The Dreaded Deadline – And Why I Need It
Deadlines. Not something we associate with artistic practice. Not in the idealistic, visionary artist sense, anyway. But they are something of a reality. If you are a commercial artist or maker, you will know the importance of these time constraints.
Does an Artist Need Deadlines?
But what of the casual artist? Surely they have the privilege of all the time in the world to create and perfect whatever they are working on, right? Yet, while this open, infinitesimal creative path may be the ideal for some, there is also the chance that it can lead to numerous detours down routes of procrastination. Or a splintering of ideas. Perhaps you reach a fork in the road and decide that the ultimate goal you are pursuing can wait while you explore the untrodden path. You have all the time in the world, right? What harm can a quick diversion do?
Well, if we are being honest with ourselves, quite a lot! Ok, maybe that is an exaggeration. Harm is perhaps the wrong word. Creative exploration is not a bad thing. It’s something I actively encourage! But so often, these creative side lines are an exercise in procrastination; a way of putting off the work that needs to be done. At least, for me they are. The result is that I have lots of ideas, techniques, and processes that I have picked up along the way, but not necessarily the finished products to show for it.
Why I Need a Deadline…
That is, however, unless I have a deadline to adhere to. The sense of finality to a project. Perhaps the dangling sword of failure above my head is needed.
It is something that is reflected in most of my working life, so perhaps this is something that others do not feel as acutely. But I thrive when there is a deadline to work to. An end point. A line in the sand. Maybe it is part of my need as a recovering perfectionist to get things right. As all reasonable people know, perfection is a fallacy. A cruel and unrelenting ideal that will plague anyone who likes to do a good job on anything they are working on.
I read recently that a good artist knows when to stop. That is what sets them apart, not the weeks, months, or years of hard work, but knowing the point at which a work is ‘complete’. That is not to say the work is ‘perfect’. That is inconceivable. Just that the artist has reached their destination with this particular work.
When to Finish?
It is a difficult thing to know, and something that is only truly achieved through years of experience and self-critique. Have you ever worked on a piece that you have fallen in love with (as the narcissist within the creator often will) only to have gained too much confidence and then added a mark too many, an extra splash of unnecessary colour? You know it’s wrong, and you instantly regret it. And there it was, you missed the signs telling you to stop.
So perhaps having your hands forced by a deadline isn’t always a bad thing. For me it certainly applies a certain element of focus to the work at hand. It allows you to plan a definite schedule to work to; if I want to complete this I must do this task, etc.
It is about creating self-awareness as an artist. Getting to know how you like to work. From my school days I have been a deadline junkie, and I have to admit to the undergrad students I teach now that I didn’t even start the majority of my undergrad essays until less than twenty-four hours to the deadline (don’t ask me how I passed!?!). Sure, that approach has changed now; I couldn’t have completed an MA or a PhD with such carefree attitudes towards the work. But it is as though I has an instinctual knowledge of how long a project will take me and then plan to the deadline accordingly.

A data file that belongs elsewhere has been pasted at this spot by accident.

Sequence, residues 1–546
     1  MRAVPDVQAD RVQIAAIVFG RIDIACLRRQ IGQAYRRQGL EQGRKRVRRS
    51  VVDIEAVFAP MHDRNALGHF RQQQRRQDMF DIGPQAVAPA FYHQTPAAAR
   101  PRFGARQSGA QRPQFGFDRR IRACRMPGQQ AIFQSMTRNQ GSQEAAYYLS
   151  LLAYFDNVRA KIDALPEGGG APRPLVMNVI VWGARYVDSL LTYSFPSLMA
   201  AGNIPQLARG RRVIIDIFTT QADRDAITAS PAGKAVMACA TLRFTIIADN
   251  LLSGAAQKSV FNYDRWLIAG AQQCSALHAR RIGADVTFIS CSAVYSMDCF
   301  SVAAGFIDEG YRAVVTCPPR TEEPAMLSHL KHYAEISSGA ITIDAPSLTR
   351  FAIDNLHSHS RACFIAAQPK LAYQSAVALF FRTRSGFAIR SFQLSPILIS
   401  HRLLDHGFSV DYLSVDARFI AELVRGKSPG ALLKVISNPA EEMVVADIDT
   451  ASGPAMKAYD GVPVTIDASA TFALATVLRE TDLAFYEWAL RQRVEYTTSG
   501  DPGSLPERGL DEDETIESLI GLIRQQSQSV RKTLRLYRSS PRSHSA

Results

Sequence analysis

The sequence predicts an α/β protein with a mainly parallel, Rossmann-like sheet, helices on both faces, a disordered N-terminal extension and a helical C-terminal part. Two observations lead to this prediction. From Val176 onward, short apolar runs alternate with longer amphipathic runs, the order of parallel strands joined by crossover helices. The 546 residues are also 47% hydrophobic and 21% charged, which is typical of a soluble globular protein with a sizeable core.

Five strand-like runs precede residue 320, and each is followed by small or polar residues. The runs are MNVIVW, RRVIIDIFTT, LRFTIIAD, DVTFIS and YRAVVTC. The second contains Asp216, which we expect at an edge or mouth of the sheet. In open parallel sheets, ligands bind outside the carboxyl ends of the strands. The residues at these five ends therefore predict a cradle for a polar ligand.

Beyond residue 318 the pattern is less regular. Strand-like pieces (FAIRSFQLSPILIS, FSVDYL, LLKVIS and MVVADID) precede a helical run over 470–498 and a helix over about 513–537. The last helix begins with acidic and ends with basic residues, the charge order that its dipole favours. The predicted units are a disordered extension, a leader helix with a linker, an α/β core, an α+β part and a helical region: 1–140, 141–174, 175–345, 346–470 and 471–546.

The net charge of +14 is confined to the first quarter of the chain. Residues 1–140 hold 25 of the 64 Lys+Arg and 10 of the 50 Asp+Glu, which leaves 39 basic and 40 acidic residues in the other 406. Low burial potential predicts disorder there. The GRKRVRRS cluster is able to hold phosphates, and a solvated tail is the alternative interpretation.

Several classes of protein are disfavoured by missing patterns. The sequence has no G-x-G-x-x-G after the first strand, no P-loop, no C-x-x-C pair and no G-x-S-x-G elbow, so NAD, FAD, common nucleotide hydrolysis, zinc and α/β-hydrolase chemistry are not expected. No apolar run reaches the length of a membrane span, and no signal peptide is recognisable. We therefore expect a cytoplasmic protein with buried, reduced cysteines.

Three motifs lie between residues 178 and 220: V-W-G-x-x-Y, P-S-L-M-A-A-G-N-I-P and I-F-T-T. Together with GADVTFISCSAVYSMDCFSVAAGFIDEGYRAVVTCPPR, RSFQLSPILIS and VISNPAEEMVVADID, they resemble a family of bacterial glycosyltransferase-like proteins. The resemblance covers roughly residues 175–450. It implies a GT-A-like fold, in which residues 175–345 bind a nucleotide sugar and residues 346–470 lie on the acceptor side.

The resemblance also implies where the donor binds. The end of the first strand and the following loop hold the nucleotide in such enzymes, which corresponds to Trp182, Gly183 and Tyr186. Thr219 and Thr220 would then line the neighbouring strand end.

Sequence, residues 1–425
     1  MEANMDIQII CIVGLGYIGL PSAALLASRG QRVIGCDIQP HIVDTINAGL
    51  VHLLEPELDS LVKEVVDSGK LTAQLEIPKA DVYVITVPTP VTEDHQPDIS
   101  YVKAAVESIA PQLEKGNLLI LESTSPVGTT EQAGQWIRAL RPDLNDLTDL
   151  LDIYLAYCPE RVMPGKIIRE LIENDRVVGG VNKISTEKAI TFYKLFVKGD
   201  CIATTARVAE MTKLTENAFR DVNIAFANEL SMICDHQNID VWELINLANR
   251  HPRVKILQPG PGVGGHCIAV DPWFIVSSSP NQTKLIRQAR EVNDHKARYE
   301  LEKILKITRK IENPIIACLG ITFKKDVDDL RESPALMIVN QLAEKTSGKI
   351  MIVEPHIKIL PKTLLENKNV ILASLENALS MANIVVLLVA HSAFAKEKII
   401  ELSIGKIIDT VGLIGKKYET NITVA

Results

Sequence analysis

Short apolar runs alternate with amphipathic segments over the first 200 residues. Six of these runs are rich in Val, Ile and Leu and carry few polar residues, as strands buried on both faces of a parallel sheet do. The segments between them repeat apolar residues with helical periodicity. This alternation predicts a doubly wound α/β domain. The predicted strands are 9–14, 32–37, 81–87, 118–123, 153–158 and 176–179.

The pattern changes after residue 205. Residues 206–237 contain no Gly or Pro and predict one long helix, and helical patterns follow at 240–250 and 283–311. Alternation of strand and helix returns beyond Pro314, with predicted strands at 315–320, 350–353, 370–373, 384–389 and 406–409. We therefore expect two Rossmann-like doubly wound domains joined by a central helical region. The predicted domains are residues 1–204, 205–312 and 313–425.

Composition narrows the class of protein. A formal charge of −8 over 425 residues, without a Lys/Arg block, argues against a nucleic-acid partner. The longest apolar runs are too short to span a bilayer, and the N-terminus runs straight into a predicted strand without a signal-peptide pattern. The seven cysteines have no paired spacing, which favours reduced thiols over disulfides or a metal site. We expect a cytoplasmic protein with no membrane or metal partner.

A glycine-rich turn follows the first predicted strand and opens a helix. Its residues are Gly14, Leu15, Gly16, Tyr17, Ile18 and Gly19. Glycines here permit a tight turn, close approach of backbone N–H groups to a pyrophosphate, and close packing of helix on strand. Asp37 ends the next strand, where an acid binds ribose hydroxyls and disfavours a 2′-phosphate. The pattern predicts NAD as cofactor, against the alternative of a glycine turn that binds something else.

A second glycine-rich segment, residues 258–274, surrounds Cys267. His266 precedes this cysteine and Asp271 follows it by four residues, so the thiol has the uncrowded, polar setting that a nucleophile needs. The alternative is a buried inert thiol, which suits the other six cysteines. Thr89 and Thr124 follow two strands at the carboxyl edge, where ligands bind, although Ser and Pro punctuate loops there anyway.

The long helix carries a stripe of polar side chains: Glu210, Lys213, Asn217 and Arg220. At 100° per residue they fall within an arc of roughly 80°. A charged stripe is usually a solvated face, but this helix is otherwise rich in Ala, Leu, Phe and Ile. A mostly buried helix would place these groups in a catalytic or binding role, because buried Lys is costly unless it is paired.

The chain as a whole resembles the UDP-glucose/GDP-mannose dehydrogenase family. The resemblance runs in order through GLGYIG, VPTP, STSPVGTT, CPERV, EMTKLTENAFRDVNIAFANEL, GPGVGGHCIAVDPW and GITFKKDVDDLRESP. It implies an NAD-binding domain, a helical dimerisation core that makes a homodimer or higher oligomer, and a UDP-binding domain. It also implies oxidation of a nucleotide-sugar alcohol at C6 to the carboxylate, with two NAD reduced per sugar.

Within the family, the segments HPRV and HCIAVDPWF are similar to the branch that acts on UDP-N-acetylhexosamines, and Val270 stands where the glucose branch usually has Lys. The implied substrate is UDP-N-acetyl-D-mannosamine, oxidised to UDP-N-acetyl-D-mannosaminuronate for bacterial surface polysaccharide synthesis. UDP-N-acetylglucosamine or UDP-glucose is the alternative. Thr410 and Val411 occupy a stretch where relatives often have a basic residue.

Keeping Your Own Deadlines
So deadlines, they are an important factor for me to work to. But, and here’s the big snag, setting your own deadlines is an entirely different game. Give me someone else relying on the work and I am there, one-hundred percent the job will be done, and done to a high-standard. My own deadlines, however, they are a little easier to break…
So, what to do? Well, the solution I have come to is to find a way to set personal project deadlines with an external source. For example, I have written before about quilting and I genuinely find the patchwork element to be a therapeutic endeavour. This left me with a large patch-work completed over the last several years. But I have to admit, that although I had all these lovely visions of curling up on the sofa with my cosy patch-work quilt, actually doing the work to get it there was not happening with any haste.
So, after several years of visiting the quilt show with myself and my aunts pledging to enter ‘next year’. I have finally taken the plunge. My quilt is entered into this year’s Festival of Quilts! What does that mean? Well, I have just under two months to complete quilting my project.
Is that feasible? Absolutely! Would I have felt the impetus to complete this project without this deadline? Perhaps not (if the last few years are anything to go by!).
What it means is that I have a creative focus. Yes, there are some other projects I am working on (including two other quilts…), but this one takes priority. It must. This work has been promised to be delivered on time and completed, and it will be.
So, over the next month or so, I will be stitching away. Perhaps a few needles will be broken in the process… But it will be worth it. The project will be completed, and all because of a much needed deadline.
So how do you work? Can you work without set deadlines? Or are you a slave to them like me? Let me know in the comments. And if you are at this year’s Festival of Quilts, check out my entry into the First Quilt category.